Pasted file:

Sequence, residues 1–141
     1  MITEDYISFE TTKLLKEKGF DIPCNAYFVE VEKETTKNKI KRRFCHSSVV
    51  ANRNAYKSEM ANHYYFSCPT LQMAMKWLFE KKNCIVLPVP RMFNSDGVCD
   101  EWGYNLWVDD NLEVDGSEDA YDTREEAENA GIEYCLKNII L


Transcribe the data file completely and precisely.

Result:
Sequence, residues 1–141
     1  MITEDYISFE TTKLLKEKGF DIPCNAYFVE VEKETTKNKI KRRFCHSSVV
    51  ANRNAYKSEM ANHYYFSCPT LQMAMKWLFE KKNCIVLPVP RMFNSDGVCD
   101  EWGYNLWVDD NLEVDGSEDA YDTREEAENA GIEYCLKNII L